February 29, 2024

The first time I saw the acronym MWF, I thought it meant Monday, Wednesday, and Friday. I thought that was sort of a schedule of payment adopted by government to meet the deficit in its budget. I was wrong, of course. MWF stands for Maharlika Wealth Fund.
According to the President’s economic planners, the MWF is a sovereign wealth fund, which shall be used by the administration to capitalize a wide range of investments such as foreign currencies, domestic and corporate bonds and stocks, real estate and infrastructure projects and such other commercial endeavors that will entail profit.
It also seeks to boost the country’s economy by allowing the government to engage in mercantile activities thereby earning revenue on top of the taxes being collected.
Indeed, at first glance, the plan to establish the MWF is mouth-watering. For the administration to come up with a plan to increase the wealth of the Philippines is a notable gesture that, if implemented properly, will upgrade the country from a third world to, who knows, a first world station.
However, there are issues that must be addressed before the MWF becomes acceptable to us. Foremost is the trust issue. The amount of money that must be raised for the MWF is quite substantial totaling billions.
To raise this, the proponents are asking that it be financed from the funds of several government banks, the Social Security System and the Government Service Insurance System, among others. Thereafter, the disposition of the money shall be under the management and supervision of an entity called MWF Corporation.
I cannot help but wonder that kind of limitation there are to safeguard the fund from being dissipated? Remember, the Philippines is beset with so much graft and corruption that it is not far-fetched that a financial portfolio of such proportion will be spared this time. Not when it comes to money. Not when it comes to politics. Not when the temptation is too much to ignore. Look at what happened to Malaysia where it owns sovereign fund was squandered by its leaders nearly bringing down the entire economy of the nation. Economically, the Philippines is in a tight grip. It cannot afford to engage in this kind of risk. The odds are too much stacked against it. What may be perceived as a solution will turn out to be the problem.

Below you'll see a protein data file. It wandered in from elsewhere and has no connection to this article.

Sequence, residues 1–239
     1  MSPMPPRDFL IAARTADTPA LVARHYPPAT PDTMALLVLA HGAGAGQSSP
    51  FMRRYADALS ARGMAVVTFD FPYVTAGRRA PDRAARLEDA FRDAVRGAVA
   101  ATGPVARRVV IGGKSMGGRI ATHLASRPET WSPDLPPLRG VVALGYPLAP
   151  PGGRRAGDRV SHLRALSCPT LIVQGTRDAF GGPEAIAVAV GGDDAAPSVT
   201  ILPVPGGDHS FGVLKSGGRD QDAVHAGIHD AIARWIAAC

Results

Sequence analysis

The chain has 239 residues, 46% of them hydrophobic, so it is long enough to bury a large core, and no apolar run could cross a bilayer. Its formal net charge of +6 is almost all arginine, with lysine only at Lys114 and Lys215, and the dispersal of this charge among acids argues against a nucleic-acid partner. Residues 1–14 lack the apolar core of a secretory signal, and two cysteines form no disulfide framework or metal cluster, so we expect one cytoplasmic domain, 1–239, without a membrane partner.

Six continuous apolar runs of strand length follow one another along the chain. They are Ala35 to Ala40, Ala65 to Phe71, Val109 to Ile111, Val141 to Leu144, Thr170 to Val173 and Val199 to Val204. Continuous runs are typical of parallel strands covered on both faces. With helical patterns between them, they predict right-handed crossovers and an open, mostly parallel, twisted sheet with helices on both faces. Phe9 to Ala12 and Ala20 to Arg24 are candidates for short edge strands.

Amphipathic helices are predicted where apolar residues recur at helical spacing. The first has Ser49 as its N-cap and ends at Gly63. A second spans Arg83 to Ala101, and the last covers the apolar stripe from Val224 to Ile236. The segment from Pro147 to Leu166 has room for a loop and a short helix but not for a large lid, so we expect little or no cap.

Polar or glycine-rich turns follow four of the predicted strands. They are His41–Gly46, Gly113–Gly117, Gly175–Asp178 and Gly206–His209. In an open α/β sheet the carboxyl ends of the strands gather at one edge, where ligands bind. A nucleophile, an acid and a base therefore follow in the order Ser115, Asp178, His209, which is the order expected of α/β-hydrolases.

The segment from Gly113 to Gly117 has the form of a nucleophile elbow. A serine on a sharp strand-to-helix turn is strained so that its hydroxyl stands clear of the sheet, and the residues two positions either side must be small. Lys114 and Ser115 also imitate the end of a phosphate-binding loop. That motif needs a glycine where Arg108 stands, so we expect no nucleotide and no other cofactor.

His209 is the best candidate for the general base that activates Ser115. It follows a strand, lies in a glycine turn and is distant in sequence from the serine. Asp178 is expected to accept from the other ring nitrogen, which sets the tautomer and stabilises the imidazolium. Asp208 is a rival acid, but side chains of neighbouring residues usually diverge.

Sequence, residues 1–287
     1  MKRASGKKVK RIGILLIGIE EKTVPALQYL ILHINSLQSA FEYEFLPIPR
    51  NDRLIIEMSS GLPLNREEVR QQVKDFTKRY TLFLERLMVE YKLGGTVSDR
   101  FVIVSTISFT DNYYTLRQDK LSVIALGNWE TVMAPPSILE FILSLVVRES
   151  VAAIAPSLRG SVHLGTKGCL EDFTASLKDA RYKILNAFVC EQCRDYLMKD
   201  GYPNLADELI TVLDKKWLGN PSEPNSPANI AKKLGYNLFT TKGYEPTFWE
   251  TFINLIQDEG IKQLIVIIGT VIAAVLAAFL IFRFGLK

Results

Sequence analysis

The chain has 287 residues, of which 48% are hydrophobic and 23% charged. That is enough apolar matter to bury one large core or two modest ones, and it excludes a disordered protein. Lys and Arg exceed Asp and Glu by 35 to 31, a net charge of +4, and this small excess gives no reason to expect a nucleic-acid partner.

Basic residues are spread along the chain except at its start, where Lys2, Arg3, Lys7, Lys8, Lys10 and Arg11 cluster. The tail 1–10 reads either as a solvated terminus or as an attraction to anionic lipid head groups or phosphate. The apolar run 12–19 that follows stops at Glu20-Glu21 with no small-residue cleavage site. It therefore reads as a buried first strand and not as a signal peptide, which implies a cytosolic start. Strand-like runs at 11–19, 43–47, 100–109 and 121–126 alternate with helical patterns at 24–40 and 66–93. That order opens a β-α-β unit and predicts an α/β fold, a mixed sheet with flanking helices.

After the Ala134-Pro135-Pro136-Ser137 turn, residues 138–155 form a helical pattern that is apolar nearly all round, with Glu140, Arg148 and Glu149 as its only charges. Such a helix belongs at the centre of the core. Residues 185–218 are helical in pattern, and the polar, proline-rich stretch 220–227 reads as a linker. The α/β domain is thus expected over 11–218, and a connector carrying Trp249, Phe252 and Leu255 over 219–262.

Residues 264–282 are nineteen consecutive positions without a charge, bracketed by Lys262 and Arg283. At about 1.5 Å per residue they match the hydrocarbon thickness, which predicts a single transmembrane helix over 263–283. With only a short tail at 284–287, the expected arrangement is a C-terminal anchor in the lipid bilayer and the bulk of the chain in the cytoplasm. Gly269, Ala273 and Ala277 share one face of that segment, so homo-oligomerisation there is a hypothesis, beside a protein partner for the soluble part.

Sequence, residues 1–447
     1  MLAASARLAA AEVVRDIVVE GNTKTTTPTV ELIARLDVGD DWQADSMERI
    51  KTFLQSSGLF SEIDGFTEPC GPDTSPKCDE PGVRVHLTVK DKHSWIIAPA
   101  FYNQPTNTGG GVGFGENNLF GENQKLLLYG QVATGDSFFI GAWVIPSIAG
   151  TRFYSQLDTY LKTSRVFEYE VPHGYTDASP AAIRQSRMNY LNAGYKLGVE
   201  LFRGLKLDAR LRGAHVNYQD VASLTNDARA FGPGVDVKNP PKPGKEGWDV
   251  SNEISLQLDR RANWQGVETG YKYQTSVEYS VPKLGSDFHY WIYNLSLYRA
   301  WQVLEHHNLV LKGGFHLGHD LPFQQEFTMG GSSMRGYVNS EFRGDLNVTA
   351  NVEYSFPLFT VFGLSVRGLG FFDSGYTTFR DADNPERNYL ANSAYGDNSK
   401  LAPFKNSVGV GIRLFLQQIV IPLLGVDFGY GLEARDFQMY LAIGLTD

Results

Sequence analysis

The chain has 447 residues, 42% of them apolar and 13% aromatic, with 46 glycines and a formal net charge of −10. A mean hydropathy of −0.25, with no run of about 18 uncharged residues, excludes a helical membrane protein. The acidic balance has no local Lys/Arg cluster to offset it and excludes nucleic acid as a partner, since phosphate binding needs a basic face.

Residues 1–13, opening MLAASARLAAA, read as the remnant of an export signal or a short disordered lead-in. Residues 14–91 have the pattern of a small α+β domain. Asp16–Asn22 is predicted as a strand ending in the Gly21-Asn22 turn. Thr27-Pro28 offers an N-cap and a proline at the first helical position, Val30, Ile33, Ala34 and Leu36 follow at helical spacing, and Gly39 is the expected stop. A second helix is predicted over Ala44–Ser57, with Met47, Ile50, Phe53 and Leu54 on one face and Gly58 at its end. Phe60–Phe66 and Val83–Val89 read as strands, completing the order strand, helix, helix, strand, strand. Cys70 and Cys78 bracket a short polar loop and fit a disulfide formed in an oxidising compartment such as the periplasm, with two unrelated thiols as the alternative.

Moreover, a sovereign fund such as what is being proposed in our country can only materialize if the government has surplus revenue from whence it can derive the money to finance it.
For instance, Norway, Japan, and other first world countries successfully created a sovereign wealth fund because their tax collection exceeded their expenses. The same cannot be said of the Philippines. For the past several years, the budget of the country shows a deficit, meaning the source of revenue is not enough to finance the projects of the government. This is the reason why we borrow funds. Hence, to put-up a sovereign fund under the current set up is not only risky but also impractical.
True, the gesture of the administration in putting up the Maharlika Trust Fund is laudable. Yet, even the source of its funding is suspect since it is actually being solicited from private funds. The SSS fund and the GSIS fund belong to the members thereof. It is also a trust fund and to make another trust fund out of it seems anomalous. Even the funds of the Land Bank of the Philippines and the Development Bank of the Philippines belong to its depositors.
Therefore, a Maharlika Trust Fund does not really involve public funds. Instead, what is being gambled are private funds. Last, private funds cannot be used for public purpose because to do so will amount to the taking of property without due process of law.
Maybe, the government needs to tweak the mechanics of the Maharlika Trust Fund and install safety measures to convince us that it is beyond corruption. Then, we may consent and even participate in its implementation.
But, for the meantime that it is an open-ended proposal, it might as well be scrapped.